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Clinical Quantification of Depressive Reactions

ROBERT P. CUTLER, M.D.; HOWARD D. KURLAND, M.D.
Arch Gen Psychiatry. 1961;5(3):280-285. doi:10.1001/archpsyc.1961.01710150062010.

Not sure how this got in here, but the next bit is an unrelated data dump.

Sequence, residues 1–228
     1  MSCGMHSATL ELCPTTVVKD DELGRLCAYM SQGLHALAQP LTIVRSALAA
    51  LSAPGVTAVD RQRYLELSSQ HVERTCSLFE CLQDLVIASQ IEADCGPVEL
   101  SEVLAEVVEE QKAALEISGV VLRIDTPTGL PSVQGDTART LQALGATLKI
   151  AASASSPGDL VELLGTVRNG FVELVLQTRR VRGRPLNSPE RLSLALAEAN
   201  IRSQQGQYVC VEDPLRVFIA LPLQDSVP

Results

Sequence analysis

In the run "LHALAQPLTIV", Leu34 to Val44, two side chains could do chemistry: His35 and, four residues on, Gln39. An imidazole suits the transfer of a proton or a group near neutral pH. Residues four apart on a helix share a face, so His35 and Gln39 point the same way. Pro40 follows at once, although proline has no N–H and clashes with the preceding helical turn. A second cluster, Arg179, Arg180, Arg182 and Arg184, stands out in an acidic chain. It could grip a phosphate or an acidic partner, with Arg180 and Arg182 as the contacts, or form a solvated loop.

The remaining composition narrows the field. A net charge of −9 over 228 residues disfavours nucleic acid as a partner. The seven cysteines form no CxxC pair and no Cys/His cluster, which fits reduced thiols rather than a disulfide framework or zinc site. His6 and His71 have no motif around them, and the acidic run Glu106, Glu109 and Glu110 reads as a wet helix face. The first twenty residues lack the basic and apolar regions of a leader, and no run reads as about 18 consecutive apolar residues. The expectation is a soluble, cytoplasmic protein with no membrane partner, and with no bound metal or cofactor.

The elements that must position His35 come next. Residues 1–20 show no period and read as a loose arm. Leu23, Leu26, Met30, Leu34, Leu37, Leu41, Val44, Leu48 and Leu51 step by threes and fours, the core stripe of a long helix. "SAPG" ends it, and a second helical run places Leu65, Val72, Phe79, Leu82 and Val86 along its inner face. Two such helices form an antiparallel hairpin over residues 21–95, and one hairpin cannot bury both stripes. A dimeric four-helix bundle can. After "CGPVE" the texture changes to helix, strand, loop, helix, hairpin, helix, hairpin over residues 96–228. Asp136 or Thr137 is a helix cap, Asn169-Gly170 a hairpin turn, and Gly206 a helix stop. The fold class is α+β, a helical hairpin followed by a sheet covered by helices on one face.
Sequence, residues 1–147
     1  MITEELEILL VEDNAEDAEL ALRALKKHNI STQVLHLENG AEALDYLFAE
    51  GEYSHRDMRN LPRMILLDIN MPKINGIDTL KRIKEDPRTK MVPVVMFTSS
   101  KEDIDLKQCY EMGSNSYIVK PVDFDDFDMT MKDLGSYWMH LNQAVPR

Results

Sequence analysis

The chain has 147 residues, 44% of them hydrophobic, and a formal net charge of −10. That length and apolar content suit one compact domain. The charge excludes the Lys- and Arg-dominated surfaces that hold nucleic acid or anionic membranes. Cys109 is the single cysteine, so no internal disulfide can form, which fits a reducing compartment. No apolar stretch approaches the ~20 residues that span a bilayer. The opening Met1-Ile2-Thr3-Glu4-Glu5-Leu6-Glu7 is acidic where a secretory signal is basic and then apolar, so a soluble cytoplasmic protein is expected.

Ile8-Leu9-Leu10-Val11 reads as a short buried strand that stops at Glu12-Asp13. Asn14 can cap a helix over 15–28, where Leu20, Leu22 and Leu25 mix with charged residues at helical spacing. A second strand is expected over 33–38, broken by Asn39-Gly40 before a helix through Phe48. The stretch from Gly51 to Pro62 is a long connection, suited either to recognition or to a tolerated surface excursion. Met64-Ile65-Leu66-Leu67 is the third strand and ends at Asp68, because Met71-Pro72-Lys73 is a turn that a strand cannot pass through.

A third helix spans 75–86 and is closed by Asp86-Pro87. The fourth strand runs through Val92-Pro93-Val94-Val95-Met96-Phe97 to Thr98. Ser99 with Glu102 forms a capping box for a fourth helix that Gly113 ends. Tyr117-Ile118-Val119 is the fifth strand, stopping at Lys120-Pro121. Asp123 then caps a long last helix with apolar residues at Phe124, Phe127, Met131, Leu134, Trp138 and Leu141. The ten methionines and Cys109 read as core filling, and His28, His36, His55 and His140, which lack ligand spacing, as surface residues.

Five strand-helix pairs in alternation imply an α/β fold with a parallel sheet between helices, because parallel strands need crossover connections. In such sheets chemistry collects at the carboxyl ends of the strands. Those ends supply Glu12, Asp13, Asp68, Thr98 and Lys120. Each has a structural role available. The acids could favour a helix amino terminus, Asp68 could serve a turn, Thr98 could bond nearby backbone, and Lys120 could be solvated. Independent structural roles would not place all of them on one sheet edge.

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Introduction  Most attempts to illuminate our understanding of mental disorders have relied for many years upon some combination of the patient's and observer's subjective data. Validity of the approach has long been based on "common sense" and can rarely be verified. There is an increasing need to find ways to relate quantitative variations in such objective parameters as are measured in psychochemistry and neurophysiology, etc. to measurable variations in clinical behavior.In another study by one of us (R.P.C.), a reliable method was devised in which pathological activity was expressed as a numerical score that could be treated statistically. However, it is not applicable to the present problem since it does not quantify thought content and it lacks simplicity.1,2Excluding the method already mentioned, the only tools so far by which quantification of psychiatric disease states can be ascertained are termed "rating scales." In

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